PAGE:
Brown Theatre construction site, Louisville, Kentucky, 1925. ULPA CS 062144, Caufield & Shook Collection, Photographic Archives, University of Louisville, Louisville, Kentucky, http://digital.library.louisville.edu/cdm/ref/collection/cs/id/1336.
View down Broadway looking west between Third Street and Fourth Street, Louisville, Kentucky. The Brown Theatre can be seen on the right. ULPA R 50636, Royal Photo Company Collection, 1982.03, Photographic Archives, University of Louisville, Louisvil
Brown Hotel and Theatre, Louisville, Kentucky, night scene, 1925. The lit marquee includes the theater's first performance. ULPA CS 067722, Caufield & Shook Collection, Photographic Archives, University of Louisville, Louisville, Kentucky, http://dig
Current facade. "brown-theatre-history.jpg," The Kentucky Center, accessed on May 17, 2017, https://www.kentuckycenter.org/plan-your-visit/brown-theatre.
Small article from local newspaper regarding the December 25, 1959 protest. "Negro Group is Picketing Movie House: Brown Turned Away 15 from 'Porgy, Bess,'" The Courier-Journal (Louisville, KY), Dec. 26, 1959.
Backstory and Context
Throughout the 1950s, the majority of Louisville's white-owned establishments located outside of the African American community either completely excluded African Americans or treated them significantly differently. Overall, the city was deeply and structurally segregated, and sit-ins began in downtown Louisville in 1956. Although the Brown Theatre had relaxed its policy to admit African American school children for the performance of the Ten Commandments, management did not permanently change its policies. Members of the NAACP Youth Council specifically protested the Brown Theatre on December 25, 1959, when the theater refused admittance to fifteen ticket-holding African Americans. The ticket-holders had received the tickets through the mail or reserved them by telephone for the theater's first public showing of "Porgy and Bess," an all African American cast. In response to why the theater turned away the African Americans, management cited the policy of all downtown first-run theaters. Demonstrations continued at the Brown Theatre until 1963, when a public accommodations ordinance was passed and the theater opened its doors to African Americans. (For more information on Louisville's civil rights movement, see link in the "Additional Information" section.)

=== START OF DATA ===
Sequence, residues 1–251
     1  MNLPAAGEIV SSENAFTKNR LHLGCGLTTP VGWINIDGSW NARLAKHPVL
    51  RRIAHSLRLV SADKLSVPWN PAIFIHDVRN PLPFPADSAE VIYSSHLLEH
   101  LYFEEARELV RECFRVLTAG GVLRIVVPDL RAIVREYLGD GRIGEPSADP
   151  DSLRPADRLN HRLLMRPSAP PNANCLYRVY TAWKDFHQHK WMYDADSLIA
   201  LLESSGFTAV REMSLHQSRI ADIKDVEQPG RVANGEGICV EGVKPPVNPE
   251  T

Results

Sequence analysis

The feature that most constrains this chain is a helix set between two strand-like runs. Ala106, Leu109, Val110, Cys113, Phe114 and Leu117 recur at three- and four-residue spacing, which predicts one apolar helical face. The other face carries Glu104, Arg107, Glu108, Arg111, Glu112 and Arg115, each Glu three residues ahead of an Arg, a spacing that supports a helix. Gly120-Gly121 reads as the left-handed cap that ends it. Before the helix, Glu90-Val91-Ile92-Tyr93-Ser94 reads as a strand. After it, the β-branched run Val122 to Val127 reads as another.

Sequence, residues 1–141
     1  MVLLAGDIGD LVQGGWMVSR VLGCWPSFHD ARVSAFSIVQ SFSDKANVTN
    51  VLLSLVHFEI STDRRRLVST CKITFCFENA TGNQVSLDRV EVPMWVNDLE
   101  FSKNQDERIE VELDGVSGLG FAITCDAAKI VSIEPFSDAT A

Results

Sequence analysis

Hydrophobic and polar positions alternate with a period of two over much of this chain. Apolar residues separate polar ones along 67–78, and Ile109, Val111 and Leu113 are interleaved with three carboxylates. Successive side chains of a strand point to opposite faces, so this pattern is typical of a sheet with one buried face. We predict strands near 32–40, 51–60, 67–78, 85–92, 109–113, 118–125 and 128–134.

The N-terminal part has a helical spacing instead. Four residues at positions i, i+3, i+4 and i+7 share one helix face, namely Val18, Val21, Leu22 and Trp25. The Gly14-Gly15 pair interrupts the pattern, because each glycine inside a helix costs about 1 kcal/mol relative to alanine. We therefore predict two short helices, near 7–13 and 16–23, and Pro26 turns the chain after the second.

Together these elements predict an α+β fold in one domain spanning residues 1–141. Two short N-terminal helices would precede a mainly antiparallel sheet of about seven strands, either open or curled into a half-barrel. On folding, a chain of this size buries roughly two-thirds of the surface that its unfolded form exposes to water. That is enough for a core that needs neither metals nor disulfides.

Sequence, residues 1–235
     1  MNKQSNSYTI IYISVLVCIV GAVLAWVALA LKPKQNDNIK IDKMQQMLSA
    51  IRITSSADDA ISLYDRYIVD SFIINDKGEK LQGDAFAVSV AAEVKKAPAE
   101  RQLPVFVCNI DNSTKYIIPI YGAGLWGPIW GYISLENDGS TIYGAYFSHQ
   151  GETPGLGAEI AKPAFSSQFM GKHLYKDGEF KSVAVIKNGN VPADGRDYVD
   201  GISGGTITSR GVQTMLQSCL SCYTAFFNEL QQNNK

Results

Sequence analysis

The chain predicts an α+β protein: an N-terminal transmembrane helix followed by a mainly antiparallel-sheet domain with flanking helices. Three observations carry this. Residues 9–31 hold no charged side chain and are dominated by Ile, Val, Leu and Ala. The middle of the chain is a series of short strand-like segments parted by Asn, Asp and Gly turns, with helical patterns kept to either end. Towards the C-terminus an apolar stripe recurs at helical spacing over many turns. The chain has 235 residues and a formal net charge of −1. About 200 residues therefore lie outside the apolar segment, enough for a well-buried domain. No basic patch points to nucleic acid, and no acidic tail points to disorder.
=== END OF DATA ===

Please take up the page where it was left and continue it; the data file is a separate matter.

Theater renovations began in 1962 to return live performances to the theater, and a second renovation occurred in 1971. Following the 1971 renovation, the Louisville Board of Education purchased the theater thereafter and contracted it to the Louisville Theatrical Association. At this time, also, the theater was rechristened The Macauley Theatre. The original Macauley Theatre operated from 1873 to 1925--when the property was sold to the Starks Brothers and raized--and was located at 329 W. Walnut (now Muhammad Ali) Street.
The Broadway-Brown Partnership formed in 1982 and purchased the theater and adjoining Brown Hotel to rejuvenate Louisville's southern end business district. In 1997, the Fund for the Arts--the nation's oldest united arts fund--acquired the theater and continued a $4.2 million restoration. The Fund for the Arts contracted the Kentucky Center to manage the theater, which continues to this day. After generous gifts from the W. L. Lyons Brown Foundation, the Brown family, and the Brown-Forman Corporation, the theater is re-rechristened W. L. Lyons Brown Theatre (1998). A 1998 gift from Owsley Brown Frazier leads to the main reception area being named the Frazier Lobby.
"Louisville Downtown Sit-In Demonstrations," University of Louisville and Louisville Metro Council, Louisville Downtown Partnership, accessed on May 15, 2017, https://louisville.edu/artsandsciences/idop/outreach-programs/civil-rights-markers-project/downtownC...
"Macauley's Theatre Collection," University of Louisville Libraries, accessed on May 15, 2017, http://digital.library.louisville.edu/cdm/description/collection/macauley/.